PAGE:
With the time people spend inside only increasing, we need to be confident that the air we breathe, whether at home, work or school, is safe. One group of pollutants that should be monitored are volatile organic compounds (VOCs). VOCs are a diverse group of indoor pollutants that all have similar chemical properties. Benzene, Formaldehyde and Ethylene Glycol are just a few examples.
Due to the large number of VOCs, they are hard to continuously monitor, so a measurement, total volatile organic compounds (TVOC), has been adopted to measure the overall VOCs in any given area.
Most VOCs come from everyday household objects
Paints and Solvents
New Furniture and Carpets
Cleaners and Disinfectants
Whilst some VOCs, such as those produced by plants, aren’t that dangerous, others including benzene and formaldehyde can be very harmful as they are human carcinogens. Hazardous VOCs tend to come from glues, paints, new furniture, cleaning products and cigarettes.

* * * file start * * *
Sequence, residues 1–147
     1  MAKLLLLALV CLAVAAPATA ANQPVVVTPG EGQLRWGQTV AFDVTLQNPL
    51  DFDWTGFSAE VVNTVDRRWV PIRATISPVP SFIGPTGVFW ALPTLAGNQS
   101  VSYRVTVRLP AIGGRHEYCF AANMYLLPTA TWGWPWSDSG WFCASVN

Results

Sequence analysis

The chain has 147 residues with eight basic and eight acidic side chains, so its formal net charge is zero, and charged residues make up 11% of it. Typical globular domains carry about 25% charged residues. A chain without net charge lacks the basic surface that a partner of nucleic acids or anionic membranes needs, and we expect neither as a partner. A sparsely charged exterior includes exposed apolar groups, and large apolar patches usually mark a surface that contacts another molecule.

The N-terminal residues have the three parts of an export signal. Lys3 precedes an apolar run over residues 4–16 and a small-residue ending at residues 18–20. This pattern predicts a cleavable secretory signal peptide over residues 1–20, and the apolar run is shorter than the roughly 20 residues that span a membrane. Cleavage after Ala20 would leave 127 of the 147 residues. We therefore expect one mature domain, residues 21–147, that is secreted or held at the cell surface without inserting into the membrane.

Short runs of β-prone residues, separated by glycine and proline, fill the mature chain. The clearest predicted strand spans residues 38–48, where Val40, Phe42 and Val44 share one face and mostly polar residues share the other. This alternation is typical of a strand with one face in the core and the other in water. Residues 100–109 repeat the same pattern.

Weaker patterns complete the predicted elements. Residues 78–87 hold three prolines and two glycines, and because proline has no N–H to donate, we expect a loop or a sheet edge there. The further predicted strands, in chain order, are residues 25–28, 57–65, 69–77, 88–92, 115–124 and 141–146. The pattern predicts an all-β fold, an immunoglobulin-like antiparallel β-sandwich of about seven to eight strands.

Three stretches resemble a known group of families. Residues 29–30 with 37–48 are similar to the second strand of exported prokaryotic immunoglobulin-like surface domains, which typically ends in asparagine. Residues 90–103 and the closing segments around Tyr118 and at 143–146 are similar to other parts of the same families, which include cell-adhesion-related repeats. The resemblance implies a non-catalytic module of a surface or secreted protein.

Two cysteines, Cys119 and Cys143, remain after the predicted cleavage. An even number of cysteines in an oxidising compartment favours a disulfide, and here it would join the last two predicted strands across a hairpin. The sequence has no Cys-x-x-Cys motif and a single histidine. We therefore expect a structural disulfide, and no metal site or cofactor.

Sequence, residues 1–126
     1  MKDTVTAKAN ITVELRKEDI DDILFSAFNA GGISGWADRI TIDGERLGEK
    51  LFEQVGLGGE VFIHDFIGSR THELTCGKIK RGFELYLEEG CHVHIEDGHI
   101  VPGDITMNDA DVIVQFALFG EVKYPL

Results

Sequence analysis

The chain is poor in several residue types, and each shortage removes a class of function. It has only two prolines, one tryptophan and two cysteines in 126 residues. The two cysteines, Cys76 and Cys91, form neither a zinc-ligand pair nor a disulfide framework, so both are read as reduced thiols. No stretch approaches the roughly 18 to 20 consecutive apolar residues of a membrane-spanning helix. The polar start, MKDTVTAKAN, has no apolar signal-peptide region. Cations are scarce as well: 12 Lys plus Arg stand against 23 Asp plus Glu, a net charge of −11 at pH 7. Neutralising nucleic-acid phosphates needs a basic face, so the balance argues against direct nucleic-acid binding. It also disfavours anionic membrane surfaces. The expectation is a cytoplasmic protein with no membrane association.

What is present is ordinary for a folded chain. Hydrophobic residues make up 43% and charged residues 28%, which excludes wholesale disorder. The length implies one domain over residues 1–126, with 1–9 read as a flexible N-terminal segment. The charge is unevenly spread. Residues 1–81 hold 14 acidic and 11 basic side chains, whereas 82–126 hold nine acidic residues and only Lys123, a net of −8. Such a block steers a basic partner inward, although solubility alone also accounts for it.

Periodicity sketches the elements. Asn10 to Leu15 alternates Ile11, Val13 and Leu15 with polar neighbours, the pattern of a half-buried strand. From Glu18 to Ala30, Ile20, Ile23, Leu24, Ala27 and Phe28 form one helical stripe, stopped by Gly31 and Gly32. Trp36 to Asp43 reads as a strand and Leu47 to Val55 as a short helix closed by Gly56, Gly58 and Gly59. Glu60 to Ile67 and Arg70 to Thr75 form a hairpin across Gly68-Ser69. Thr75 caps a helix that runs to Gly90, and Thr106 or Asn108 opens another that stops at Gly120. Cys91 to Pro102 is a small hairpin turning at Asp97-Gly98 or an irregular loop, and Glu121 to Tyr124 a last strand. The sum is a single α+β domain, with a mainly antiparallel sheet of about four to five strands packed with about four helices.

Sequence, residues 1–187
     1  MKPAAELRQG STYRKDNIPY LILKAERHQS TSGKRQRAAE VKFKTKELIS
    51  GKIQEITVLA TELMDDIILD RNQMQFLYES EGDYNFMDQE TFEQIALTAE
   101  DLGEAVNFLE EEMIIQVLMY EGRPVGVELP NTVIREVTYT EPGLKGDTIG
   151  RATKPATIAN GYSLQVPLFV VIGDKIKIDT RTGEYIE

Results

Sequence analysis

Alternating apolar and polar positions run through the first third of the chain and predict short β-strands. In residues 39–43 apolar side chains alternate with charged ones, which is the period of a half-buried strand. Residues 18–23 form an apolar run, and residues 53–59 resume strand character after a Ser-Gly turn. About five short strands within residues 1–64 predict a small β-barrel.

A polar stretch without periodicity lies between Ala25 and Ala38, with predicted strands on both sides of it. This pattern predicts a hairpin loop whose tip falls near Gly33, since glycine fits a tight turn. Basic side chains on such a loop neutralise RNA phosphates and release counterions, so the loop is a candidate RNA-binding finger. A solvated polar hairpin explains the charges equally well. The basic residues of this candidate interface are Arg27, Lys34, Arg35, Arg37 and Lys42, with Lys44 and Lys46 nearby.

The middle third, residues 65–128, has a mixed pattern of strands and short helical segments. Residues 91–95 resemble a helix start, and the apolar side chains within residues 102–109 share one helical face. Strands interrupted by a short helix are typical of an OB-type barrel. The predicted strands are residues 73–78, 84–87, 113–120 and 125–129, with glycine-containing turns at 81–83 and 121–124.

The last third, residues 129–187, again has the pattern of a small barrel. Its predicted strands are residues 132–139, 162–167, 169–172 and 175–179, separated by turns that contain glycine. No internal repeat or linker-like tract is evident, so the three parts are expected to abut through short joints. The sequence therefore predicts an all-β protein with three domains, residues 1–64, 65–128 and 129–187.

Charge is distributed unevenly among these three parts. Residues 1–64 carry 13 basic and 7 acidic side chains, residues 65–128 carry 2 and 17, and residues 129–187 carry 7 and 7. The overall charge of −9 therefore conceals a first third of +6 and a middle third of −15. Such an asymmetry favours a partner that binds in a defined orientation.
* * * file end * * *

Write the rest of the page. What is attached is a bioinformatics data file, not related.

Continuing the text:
Long-term exposure to VOCs can be very damaging to our health, so as well as monitoring the air quality, it is also important to recognise the symptoms which can include:
Headaches and nausea
Eye, nose, and throat irritation
Allergic skin reaction
So what can we do to protect ourselves against VOCs?
Don’t smoke inside (second hand smoke is still harmful)
Only use household products as directed because storing them incorrectly or not using them properly can be dangerous
Purchase low VOC versions of products
Use an indoor air quality monitor with a carbon filter - VOCs are invisible toxins which are sometimes even odourless. Use your monitor to spot trends (for example levels often peak whilst cooking), and identify sources that are producing a lot of VOCs allowing you to act accordingly.
Our award-winning Sqair Chemical Warfare air purifier has both a HEPA and a Carbon filter. Our carbon filter has 140g of activated charcoal granules
Our Air Quality Monitor has a TVOC sensor, as well as CO2 and particulates PM1, PM2.5 and PM10